In today's Catholic Daily Roundup, top stories include the Donald's Trump failure to correct a questioner at a town hall event who incorrectly states that President Obama is Muslim, Pope Francis ask to audit the process of choosing bishops, and the Archdiocese of Washington's plan to fit 25,000 people in to Junipero Serra's canonization mass on the east portico of the Basilica of the National Shrine of the Immaculate Conception.
"Life's most persistent and urgent question is, 'what are you doing for others?'" (Martin Luther King Jr.)
Today's Reading: "For the love of money is the root of all evils, and some people in their desire for it have strayed from the faith" (1 Timothy 6:10)
In the News:
- GOP leaders continue to threaten the government with shutdown over their push to defund Planned Parenthood, and Obama becomes incresingly adament about reforms as he comes to the close of his presidency. This is a path the Republican Party’s right flank has been down several times before since 2011, and they’ve never succeeded in achieving the policy outcome for which they began their fight in the first place. But the right swears that this time the shutdown it will be different.
- Republican presidential front-runner Donald Trump declined Thursday to correct a questioner at a town hall event who incorrectly stated that President Barack Obama is Muslim. "We have a problem in this country. It's called Muslims," said the first man Trump called on to ask a question. He continued, "We know our current president is one. You know he's not even an American." Trump, who was a driver of the "birther" movement that claimed Obama wasn't born in the U.S, first responded with feigned exasperation — "We need the question," he said, to laughs — but let the man continue.
- Migrants flooding into Croatia are being "moved on" Prime Minister Zoran Milanovic says, adding that his country cannot become a "migrant hotspot". Up to 20 buses carried migrants to the Hungary border, although Hungary says it is building a new fence there. Croatia has closed seven of its eight road crossings to Serbia after 14,000 migrants entered over the past two days seeking passage to northern Europe. Slovenia, another neighbour of Croatia, accused Croatia of breaking EU rules. The huge numbers heading north through the Balkans have triggered an EU crisis. Many are fleeing conflicts in Syria, Iraq and Afghanistan.
Pope Francis and church news:
- Pope Francis' altar for mass is steadily rising on Havana’s Plaza de la Revolución they day before his trip to Cuba and then to the US, which will be the longest of his Pontificate. And looming large over that stage gazes an immense portrait of Ernesto “Che” Guevara. During his latest trip to South America, the pope made some of his strongest ever criticisms of capitalism. These remarks highlight the pope’s staunch anti-capitalism, as well as an antagonism to those who advocate it. Today, almost 50 years since the death of Guevara, Pope Francis, with his barely concealed attacks on the capitalist United States, is renewing the call for global revolution.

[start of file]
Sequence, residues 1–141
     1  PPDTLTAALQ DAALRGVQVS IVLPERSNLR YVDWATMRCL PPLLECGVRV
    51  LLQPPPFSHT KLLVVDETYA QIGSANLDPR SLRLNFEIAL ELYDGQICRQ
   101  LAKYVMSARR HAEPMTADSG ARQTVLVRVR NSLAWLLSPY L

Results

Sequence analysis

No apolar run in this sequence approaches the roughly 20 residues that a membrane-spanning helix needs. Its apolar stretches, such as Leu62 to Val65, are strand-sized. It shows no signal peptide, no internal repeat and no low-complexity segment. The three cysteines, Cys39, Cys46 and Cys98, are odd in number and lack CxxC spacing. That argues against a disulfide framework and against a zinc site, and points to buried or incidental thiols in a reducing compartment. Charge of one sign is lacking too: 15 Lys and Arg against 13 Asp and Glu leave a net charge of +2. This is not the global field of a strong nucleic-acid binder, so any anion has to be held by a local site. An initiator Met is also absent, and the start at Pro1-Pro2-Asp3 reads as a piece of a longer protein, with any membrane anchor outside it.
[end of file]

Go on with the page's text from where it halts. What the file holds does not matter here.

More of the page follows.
- Pope Francis has asked his international Council of Cardinals to study the way the Church vets, identifies, and appoints bishops around the world, looking particularly at the qualities needed in a bishop today. Near the end of the council’s meetings with the pope Sept. 14-16, the Rev. Federico Lombardi, Vatican spokesman, briefed reporters on its work. While one of the main tasks of the nine-member council is to assist Pope Francis with the ongoing reorganization of the Roman Curia, Lombardi said that from the beginning, Pope Francis said he wanted the group to advise him on matters of Church governance in general.
- The largest Catholic church in the Americas isn't nearly big enough to hold everyone who wants to see Pope Francis perform a Mass of canonization next week. Instead, the pope will canonize Junipero Serra from a temporary sanctuary that's being built on the east portico of the Basilica of the National Shrine of the Immaculate Conception. The church can comfortably seat 3,500 people, and up to 10,000 can cram inside on special occasions like Easter. But the pope's visit is more than that. The Archdiocese of Washington is distributing 25,000 tickets to the Mass next Wednesday.
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